Kennicott had seemed nervous and absent-minded through that supper-hour, two evenings after. He prowled about the living-room, then growled:
"What the dickens have you been saying to Ma Westlake?"
Carol's book rattled. "What do you mean?"
"I told you that Westlake and his wife were jealous of us, and here you been chumming up to them and — — From what Dave tells me, Ma Westlake has been going around town saying you told her that you hate Aunt Bessie, and that you fixed up your own room because I snore, and you said Bjornstam was too good for Bea, and then, just recent, that you were sore on the town because we don't all go down on our knees and beg this Valborg fellow to come take supper with us. God only knows what else she says you said."
"It's not true, any of it! I did like Mrs. Westlake, and I've called on her, and apparently she's gone and twisted everything I've said — — "
"Sure. Of course she would. Didn't I tell you she would? She's an old cat, like her pussyfooting, hand-holding husband. Lord, if I was sick, I'd rather have a faith-healer than Westlake, and she's another slice off the same bacon. What I can't understand though — — "
She waited, taut.
" — — is whatever possessed you to let her pump you, bright a girl as you are. I don't care what you told her — we all get peeved sometimes and want to blow off steam, that's natural — but if you wanted to keep it dark, why didn't you advertise it in the Dauntless, or get a megaphone and stand on top of the hotel and holler, or do anything besides spill it to her!"
"I know. You told me. But she was so motherly. And I didn't have any woman — — Vida 's become so married and proprietary."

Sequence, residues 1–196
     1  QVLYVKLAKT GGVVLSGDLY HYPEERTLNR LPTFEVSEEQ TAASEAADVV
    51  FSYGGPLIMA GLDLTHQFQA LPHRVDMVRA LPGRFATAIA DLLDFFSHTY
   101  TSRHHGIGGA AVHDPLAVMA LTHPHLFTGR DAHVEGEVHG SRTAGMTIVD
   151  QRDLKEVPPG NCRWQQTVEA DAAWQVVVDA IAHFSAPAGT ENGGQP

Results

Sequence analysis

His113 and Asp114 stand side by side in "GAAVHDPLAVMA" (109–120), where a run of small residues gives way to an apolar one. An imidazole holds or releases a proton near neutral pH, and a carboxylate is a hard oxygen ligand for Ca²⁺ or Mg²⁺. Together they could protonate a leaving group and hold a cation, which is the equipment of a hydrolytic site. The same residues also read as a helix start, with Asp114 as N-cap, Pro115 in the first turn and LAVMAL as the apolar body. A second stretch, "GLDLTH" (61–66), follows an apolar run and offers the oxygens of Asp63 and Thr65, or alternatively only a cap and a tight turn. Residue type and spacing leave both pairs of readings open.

"Well, next time you'll have better sense."
He patted her head, flumped down behind his newspaper, said nothing more.
Enemies leered through the windows, stole on her from the hall. She had no one save Erik. This kind good man Kennicott — he was an elder brother. It was Erik, her fellow outcast, to whom she wanted to run for sanctuary. Through her storm she was, to the eye, sitting quietly with her fingers between the pages of a baby-blue book on home-dressmaking. But her dismay at Mrs. Westlake's treachery had risen to active dread. What had the woman said of her and Erik? What did she know? What had she seen? Who else would join in the baying hunt? Who else had seen her with Erik? What had she to fear from the Dyers, Cy Bogart, Juanita, Aunt Bessie? What precisely had she answered to Mrs. Bogart's questioning?
All next day she was too restless to stay home, yet as she walked the streets on fictitious errands she was afraid of every person she met. She waited for them to speak; waited with foreboding. She repeated, "I mustn't ever see Erik again." But the words did not register. She had no ecstatic indulgence in the sense of guilt which is, to the women of Main Street, the surest escape from blank tediousness.
At five, crumpled in a chair in the living-room, she started at the sound of the bell. Some one opened the door. She waited, uneasy. Vida Sherwin charged into the room. "Here's the one person I can trust!" Carol rejoiced.
Vida was serious but affectionate. She bustled at Carol with, "Oh, there you are, dearie, so glad t' find you in, sit down, want to talk to you."
Carol sat, obedient.
Vida fussily tugged over a large chair and launched out:
"I've been hearing vague rumors you were interested in this Erik Valborg. I knew you couldn't be guilty, and I'm surer than ever of it now. Here we are, as blooming as a daisy."
"How does a respectable matron look when she feels guilty?"
Carol sounded resentful.
"Why — — Oh, it would show! Besides! I know that you, of all people, are the one that can appreciate Dr. Will."
"What have you been hearing?"
"Nothing, really. I just heard Mrs. Bogart say she'd seen you and Valborg walking together a lot." Vida's chirping slackened. She looked at her nails. "But — — I suspect you do like Valborg. Oh, I don't mean in any wrong way. But you're young; you don't know what an innocent liking might drift into. You always pretend to be so sophisticated and all, but you're a baby. Just because you are so innocent, you don't know what evil thoughts may lurk in that fellow's brain."